When a scandal occurs of certain prominent figures, especially religious leaders, there is a rush to judgment about the cause.  (“It was because he believed in patriarchy.”; “It was because he was a legalist.” ; “It was because he was a dispensationalist.” ; “It was because he was a theonomist.” ; etc.)  More often than not, the reality is that it is owing to the fact that all people are subject to heinous sin due to human depravity.  In certain cases it may evidence the guilty party is not converted at all, but a hypocrite like Judas Iscariot.  On the other hand, it may be a case of backsliding, like in King David’s case.

With respect to drawing conclusions about a certain doctrine, it is much safer to draw conclusions from an examination of scripture, rather than whether a certain person fell into scandal who held a certain doctrine.  Probably every doctrine (true or erroneous) has had adherents who fell into scandalous sin.  Even holding to a complete body of true doctrine does not immunize someone from scandalous sin.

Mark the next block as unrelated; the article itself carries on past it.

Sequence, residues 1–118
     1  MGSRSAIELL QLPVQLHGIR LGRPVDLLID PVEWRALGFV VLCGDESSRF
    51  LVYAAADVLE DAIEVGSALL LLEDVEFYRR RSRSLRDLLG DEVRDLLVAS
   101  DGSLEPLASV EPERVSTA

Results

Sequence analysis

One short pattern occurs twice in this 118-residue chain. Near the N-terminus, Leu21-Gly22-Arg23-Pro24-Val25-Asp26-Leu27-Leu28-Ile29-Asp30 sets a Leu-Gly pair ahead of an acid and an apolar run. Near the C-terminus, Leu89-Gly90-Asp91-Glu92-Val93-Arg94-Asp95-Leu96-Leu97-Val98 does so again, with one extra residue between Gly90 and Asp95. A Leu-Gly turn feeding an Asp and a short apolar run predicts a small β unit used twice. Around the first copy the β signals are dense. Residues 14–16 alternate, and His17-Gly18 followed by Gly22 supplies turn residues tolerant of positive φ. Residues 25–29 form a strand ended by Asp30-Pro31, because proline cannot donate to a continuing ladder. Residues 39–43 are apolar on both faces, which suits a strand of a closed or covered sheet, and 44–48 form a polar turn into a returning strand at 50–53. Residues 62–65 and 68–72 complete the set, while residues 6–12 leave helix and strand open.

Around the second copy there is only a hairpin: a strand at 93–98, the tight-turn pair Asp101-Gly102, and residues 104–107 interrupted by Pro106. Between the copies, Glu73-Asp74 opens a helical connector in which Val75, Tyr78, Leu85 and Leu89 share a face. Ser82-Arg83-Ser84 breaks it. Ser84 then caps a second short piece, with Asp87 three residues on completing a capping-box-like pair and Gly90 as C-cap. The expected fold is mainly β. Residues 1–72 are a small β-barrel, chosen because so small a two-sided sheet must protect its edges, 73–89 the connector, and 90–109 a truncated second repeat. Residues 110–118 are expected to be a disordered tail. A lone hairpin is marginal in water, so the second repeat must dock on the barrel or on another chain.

With respect to drawing conclusions about a given religious institution from such a scandal, there we must look to how the institution handled it when the scandal became known.  Does the institution seek to cover it up and not exercise appropriate discipline, or does it really address the issue and exercise appropriate discipline, including turning the guilty party over to civil authorities if the scandal was criminal?  There is evidence certain institutions are less institutionally equipped to address scandal than others.  But even there, in the final analysis our judgment about institutional structure should be based upon scriptural examination.

In conclusion, we should be cautious in our judgments when scandal strikes, as seems to have happened in recent months with a number of prominent figures.